The President of the UCLU Atheist, Secularist and Humanist Society (ASHS), Robbie Yellon, has resigned over the controversy surrounding the “Jesus and Mo” cartoon published by the society.
Last month, UCLU ASHS published a cartoon on Facebook entitled “Jesus and Mo, Volume 2: Transubstantiated,” by pseudo-anonymous British cartoonist Mohammed Jones, to advertise their pub social.
The cartoon depicts Jesus and Mohammed at a bar, drinking beer and engaging in theological debate. They were subsequently requested by UCLU to take down the picture following complaints from students who found the cartoon offensive.
Robbie Yellon cited the stress of the controversy as the reason for his resignation, and announced Michael Thor, his former Vice-President, as his successor.
The ASHS had initially refused to take down the picture, claiming that it would violate their right to freedom of expression. The suggestion from UCLU also prompted the National Federation of Atheist, Humanist and Secular Student Societies to start an online petition, which successfully gathered over 3500 signatures in an attempt to “Defend freedom of expression at University College London.”
The petition gathered high-profile attention, and notably the signature of Richard Dawkins. Dawkins commented that the cartoon “would offend only those seeking to be offended”, and pledged his support for the freedom of ASHS to use the image.
With regard to the online petition and the society’s initian intransigence, the author of Jesus & Mo told Pi Newspaper that “UCLASHS has won a very important victory. I don’t recall anyone since the Satanic Verses affair standing up so firmly and publicly against Islamic censorship. The phenomenon which Kenan Malik calls “the internalisation of the fatwa” has held sway since that time, with publishers and individuals all self-censoring for fear of causing offence.”
Concerns about the content of the cartoon were also voiced online, however. The Ahmadiyya Muslim Students Association released a statement in support of the UCLU’s request for the image to be removed, calling it an “outright insult”.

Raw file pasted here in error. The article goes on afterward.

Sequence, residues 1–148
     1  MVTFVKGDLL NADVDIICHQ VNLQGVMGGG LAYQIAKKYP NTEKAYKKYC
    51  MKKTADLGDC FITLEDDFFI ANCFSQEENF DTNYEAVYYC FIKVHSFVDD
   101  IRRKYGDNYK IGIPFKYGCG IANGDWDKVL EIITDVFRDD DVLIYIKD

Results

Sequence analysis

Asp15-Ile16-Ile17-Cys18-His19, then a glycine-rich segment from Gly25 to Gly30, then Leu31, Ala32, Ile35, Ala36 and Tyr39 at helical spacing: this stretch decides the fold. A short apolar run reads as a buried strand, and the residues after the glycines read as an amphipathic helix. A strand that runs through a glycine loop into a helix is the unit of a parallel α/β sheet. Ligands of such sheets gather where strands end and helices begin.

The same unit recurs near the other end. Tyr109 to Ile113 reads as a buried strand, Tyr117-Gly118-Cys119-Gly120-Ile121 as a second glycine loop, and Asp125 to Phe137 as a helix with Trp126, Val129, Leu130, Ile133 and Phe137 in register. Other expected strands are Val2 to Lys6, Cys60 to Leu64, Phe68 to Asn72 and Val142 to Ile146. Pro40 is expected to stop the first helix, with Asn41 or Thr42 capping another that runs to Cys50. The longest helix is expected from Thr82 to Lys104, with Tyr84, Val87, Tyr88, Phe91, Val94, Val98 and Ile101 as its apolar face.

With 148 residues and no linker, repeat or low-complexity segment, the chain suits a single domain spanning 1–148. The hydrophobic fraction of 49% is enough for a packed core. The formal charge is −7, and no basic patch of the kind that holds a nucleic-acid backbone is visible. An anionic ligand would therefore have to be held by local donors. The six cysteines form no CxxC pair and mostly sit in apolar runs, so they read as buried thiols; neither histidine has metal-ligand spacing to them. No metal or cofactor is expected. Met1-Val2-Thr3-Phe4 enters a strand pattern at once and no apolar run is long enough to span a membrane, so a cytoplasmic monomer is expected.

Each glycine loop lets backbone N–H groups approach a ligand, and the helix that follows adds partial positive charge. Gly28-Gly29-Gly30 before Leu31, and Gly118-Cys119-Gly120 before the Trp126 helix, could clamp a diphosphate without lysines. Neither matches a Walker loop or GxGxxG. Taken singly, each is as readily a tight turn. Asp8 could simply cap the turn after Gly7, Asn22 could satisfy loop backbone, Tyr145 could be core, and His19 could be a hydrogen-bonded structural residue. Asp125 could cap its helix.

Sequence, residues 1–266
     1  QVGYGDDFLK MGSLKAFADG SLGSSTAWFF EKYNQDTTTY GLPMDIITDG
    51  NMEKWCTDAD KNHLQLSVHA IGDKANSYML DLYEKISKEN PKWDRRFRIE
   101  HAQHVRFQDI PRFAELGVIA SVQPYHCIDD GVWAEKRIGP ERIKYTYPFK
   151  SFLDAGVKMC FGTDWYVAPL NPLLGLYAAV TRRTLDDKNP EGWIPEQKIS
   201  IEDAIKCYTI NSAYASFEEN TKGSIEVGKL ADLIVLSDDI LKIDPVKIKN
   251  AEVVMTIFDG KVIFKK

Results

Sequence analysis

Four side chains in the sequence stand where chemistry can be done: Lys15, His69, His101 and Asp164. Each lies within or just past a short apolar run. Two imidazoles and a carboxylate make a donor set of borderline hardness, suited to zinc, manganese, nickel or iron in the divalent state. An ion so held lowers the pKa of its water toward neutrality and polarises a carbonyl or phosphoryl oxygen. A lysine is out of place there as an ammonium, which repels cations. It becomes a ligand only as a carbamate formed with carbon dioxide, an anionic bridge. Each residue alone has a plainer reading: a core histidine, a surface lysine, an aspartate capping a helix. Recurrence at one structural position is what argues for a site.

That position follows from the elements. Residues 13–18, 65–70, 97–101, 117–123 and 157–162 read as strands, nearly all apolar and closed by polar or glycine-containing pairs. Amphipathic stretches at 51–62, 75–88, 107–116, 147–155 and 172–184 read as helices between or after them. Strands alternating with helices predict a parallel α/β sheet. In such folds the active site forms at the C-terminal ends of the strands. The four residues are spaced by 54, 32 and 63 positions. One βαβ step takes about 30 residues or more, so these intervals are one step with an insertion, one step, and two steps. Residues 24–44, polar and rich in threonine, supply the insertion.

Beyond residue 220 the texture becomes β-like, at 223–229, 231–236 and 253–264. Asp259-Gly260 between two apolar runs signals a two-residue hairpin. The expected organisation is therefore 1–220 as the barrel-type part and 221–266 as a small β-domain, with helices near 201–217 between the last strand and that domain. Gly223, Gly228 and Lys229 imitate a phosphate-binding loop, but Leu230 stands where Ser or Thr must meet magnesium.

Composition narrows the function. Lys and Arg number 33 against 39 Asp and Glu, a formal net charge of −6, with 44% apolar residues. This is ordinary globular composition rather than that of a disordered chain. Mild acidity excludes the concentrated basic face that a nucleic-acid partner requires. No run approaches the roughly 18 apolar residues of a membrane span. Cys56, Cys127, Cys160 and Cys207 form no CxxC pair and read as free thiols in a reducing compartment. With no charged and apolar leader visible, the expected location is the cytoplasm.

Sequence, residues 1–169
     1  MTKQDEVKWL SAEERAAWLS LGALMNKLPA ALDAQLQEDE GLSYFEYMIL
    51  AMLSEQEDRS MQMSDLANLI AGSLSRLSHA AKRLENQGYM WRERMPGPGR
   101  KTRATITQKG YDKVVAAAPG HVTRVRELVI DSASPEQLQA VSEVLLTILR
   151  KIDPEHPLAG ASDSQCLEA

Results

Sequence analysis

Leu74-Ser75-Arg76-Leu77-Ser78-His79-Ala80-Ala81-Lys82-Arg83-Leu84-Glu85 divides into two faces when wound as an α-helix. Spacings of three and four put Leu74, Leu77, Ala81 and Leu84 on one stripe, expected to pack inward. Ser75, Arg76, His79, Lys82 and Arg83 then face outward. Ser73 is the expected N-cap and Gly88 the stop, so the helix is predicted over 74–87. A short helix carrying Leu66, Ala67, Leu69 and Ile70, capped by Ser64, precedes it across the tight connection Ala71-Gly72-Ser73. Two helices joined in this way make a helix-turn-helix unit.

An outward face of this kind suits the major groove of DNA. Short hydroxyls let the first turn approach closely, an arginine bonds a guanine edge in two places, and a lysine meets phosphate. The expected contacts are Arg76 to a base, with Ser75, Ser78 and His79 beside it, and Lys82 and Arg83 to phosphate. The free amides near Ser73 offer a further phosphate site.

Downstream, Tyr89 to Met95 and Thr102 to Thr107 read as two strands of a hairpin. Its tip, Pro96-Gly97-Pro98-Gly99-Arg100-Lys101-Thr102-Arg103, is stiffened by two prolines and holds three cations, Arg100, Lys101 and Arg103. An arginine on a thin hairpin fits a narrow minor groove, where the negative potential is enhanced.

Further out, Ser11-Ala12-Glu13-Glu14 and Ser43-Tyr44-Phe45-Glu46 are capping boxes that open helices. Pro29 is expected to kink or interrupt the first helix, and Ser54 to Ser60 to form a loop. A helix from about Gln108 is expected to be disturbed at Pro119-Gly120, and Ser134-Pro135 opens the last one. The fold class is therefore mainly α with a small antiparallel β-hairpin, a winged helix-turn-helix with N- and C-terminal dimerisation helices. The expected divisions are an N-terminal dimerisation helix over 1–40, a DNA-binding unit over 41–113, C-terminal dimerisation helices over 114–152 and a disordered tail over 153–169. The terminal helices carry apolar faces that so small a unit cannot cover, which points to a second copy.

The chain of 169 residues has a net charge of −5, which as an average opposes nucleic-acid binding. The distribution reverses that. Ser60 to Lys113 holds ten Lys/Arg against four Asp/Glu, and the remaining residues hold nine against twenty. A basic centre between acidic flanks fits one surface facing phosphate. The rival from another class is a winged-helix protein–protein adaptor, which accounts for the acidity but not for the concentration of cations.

The statement read:
“Perhaps what is most shocking is that at an esteemed house of learning intelligent people, fully aware of the offence that such cartoons have caused in the past, consciously chose to post them… whilst we do not agree with the notion that causing offence to others should be a crime, we do believe that in order to produce a cohesive and harmonious society all people should observe not only tolerance of each others’ way of life, but should avoid making others feel insulted.”
The issue has been commented on by organisations and personal bloggers alike. Paul Sims, News Editor of the New Humanist magazine told Pi that “the events at UCL suggest that societies are under particular pressure to moderate and censor what they do in order to avoid causing offence to religious groups. As the row over the Jesus & Mo cartoons has shown, there are strong opinions on both sides of this issue, but it is something that should be debated, not sidestepped via censorship.”
At present it is unclear whether the society will face a disciplinary hearing, as positive relations seem to reestablished between ASHS and UCLU and the issue has been largely resolved.
A statement from UCLU has been released: “The atheist society has agreed they will take more consideration when drawing up publicity for future events. The society was asked to remove the image because UCLU aims to foster good relations between different groups of students and create a safe environment where all students can benefit from societies regardless of their religious or other beliefs.”
Michael Thor, the new president of UCLU Atheist, Secularist and Humanist Society, has also issued a final statement in response to media attention. He explained with regards to the scale of the controversy: “What makes a student society is the ability to be open, foster community and – most importantly – encourage critical debate. … By our publication of this image there was no intention to offend and I am sorry to hear that people took personal offence when viewing it.
“However, ‘offence’ was certainly inadequate grounds for the removal of the image to be requested by the UCL Union. Their policies need clarification to prevent this same situation from arising in the future. In the meantime, I am looking forward to maintaining the positive spirit and riveting discussion.”